It's the difference between the humanities and the sciences, and the two are hardly comparable.

Not to say that aspects of mathematics cannot apply to literary/artistic endeavors and vice-versa, it's just that they are, at the root, unrelated areas of human endeavor.
posted by evanizer at 6:54 PM on June 19, 2002


(Her new one comes out in November.)

Ooh, thanks for the heads-up!
posted by rushmc at 7:06 PM on June 19, 2002


jonmc: Paul Gaugin was a bank teller until he was 35 years old, James Joyce didn't publish his first work of long fiction until he was 34. Marcel Proust didn't come into his own until he was 42, with the publication of the first part of "À la recherche du temps perdu". There's still plenty of time.
posted by evanizer at 7:09 PM on June 19, 2002


James Joyce didn't publish his first work of long fiction until he was 34.

But Dubliners came out when he was 24, and much of Portrait was written in his mid-twenties. I would classify him as getting his start while fairly young. I would pick Paul Bowles as an example of an important writer who didn't become a novelist till later in life.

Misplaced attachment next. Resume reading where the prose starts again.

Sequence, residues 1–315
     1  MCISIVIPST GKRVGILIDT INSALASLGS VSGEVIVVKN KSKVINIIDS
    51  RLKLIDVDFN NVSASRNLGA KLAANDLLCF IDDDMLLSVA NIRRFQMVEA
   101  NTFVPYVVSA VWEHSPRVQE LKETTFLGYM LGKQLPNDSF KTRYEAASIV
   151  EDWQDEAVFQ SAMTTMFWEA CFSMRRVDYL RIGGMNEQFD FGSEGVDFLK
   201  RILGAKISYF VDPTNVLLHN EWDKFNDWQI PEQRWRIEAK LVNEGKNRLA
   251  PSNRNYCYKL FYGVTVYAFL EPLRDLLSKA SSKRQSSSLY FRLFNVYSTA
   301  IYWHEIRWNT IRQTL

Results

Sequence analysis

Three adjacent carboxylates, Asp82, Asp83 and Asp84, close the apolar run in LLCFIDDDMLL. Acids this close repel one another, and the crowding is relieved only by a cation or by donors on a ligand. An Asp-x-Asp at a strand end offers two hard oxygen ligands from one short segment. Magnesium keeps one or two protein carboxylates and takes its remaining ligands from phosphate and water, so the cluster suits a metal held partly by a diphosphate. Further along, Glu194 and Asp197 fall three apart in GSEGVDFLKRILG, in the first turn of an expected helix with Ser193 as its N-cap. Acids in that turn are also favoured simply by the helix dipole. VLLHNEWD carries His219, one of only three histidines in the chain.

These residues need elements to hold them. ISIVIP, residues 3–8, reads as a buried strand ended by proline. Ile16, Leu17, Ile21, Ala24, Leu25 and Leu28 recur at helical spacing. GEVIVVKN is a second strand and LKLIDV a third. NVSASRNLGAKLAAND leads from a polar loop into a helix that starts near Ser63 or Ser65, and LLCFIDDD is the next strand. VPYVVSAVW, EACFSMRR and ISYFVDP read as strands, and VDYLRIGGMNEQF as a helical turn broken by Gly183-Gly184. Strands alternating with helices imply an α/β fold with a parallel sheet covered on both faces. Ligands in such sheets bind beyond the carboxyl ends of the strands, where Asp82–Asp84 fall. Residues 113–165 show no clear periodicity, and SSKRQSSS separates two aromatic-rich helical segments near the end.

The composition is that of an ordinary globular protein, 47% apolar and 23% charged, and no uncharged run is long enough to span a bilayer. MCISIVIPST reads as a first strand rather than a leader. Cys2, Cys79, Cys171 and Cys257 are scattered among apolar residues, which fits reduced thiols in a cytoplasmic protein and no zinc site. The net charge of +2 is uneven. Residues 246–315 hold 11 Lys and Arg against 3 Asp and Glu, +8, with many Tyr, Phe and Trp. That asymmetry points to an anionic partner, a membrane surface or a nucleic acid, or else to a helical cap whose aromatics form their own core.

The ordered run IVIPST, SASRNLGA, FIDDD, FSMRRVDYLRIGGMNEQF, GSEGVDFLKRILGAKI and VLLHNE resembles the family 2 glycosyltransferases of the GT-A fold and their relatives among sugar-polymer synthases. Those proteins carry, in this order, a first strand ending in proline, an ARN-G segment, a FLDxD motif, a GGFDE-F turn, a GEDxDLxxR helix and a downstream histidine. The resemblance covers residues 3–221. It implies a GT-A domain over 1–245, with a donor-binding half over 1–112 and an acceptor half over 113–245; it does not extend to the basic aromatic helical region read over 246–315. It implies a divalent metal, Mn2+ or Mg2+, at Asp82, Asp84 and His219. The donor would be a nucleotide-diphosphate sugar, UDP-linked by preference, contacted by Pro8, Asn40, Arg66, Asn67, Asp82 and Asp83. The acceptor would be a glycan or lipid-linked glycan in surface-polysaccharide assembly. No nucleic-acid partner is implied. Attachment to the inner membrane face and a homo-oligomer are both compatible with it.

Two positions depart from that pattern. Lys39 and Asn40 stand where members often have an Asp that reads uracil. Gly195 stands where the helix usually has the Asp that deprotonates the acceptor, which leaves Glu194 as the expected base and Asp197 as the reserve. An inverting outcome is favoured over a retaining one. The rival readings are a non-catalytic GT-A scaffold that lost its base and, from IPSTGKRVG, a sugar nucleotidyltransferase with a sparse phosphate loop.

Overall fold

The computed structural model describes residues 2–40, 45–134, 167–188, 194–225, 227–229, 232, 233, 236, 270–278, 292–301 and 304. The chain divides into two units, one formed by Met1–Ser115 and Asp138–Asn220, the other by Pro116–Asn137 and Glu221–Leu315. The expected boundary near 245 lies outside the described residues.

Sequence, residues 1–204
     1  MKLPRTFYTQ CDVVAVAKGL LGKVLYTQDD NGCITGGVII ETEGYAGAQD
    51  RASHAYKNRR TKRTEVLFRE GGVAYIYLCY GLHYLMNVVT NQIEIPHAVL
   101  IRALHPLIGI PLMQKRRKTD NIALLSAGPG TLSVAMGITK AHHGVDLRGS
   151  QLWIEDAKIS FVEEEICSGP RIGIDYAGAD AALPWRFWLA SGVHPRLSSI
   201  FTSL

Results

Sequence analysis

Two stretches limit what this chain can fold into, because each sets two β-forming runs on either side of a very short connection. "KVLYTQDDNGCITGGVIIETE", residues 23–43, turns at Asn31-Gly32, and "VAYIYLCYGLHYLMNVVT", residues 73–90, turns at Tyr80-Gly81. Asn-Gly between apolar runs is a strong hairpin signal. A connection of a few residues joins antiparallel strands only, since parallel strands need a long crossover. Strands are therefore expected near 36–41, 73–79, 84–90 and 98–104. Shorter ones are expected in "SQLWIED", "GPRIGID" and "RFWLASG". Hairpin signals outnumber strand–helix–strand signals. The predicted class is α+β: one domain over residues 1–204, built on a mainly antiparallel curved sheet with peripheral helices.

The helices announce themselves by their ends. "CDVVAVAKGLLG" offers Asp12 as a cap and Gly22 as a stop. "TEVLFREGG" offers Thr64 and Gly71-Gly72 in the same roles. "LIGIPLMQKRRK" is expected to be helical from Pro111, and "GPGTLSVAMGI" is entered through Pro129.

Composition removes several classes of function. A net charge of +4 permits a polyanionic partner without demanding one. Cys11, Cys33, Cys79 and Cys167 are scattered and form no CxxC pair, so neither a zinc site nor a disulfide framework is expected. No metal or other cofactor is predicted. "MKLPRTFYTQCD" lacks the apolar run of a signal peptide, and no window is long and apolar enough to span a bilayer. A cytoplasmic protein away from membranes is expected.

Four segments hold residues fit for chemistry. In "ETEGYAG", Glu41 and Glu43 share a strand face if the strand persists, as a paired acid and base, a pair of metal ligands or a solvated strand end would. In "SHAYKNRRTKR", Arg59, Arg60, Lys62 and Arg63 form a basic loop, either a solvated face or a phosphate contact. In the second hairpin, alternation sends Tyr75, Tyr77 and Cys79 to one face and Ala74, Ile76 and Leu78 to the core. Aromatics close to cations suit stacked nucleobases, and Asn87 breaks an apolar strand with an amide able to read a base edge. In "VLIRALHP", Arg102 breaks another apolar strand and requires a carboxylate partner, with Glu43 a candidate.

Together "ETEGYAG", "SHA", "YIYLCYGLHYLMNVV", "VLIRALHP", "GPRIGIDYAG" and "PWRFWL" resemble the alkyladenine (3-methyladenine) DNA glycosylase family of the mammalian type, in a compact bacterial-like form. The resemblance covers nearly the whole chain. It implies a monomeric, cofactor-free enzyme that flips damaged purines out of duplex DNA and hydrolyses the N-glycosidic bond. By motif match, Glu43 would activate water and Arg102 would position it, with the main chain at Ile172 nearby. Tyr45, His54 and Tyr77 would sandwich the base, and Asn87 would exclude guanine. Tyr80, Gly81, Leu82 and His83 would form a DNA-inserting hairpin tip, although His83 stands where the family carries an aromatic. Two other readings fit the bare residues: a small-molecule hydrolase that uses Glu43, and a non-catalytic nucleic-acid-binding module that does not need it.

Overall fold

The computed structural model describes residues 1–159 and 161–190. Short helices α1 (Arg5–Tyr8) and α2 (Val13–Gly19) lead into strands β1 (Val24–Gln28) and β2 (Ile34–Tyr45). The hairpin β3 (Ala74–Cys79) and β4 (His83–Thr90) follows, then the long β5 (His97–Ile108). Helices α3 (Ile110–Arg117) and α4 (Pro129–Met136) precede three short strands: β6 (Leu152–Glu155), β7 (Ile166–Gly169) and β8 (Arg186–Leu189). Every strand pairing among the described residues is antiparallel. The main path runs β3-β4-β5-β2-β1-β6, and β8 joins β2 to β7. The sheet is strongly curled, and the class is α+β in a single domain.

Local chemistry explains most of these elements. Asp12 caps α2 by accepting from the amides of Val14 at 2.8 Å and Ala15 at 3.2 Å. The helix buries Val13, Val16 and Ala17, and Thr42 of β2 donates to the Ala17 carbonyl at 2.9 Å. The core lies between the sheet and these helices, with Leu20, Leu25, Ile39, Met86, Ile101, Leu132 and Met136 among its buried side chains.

posted by bobo123 at 7:34 PM on June 19, 2002


Envy of the Literary World, or another Trust-Fund Novelist?

Trust-Fund Novelist. (Hey, you asked!)
posted by Fofer at 7:38 PM on June 19, 2002


hey at least they are out there writing books

what are you doing?
posted by Satapher at 8:02 PM on June 19, 2002


Joyce is definitely a bad example, evanizer. And T. S. Eliot wrote 'Prufrock' in his mid-20s, and 'The Waste Land' before his 30th birthday, while working at a bank, if my A-level English still serves me well. And I'm pretty sure that Rimbaud gave up poetry at the age of 19 to become a slave trader and gun-runner (something that, at the age of 19, impressed me far too much). But it depends what you want to be remembered for: Henry James is my favourite Victorian novelist, and his best stuff came well after Victoria, and has the subtlety of coming from an old man.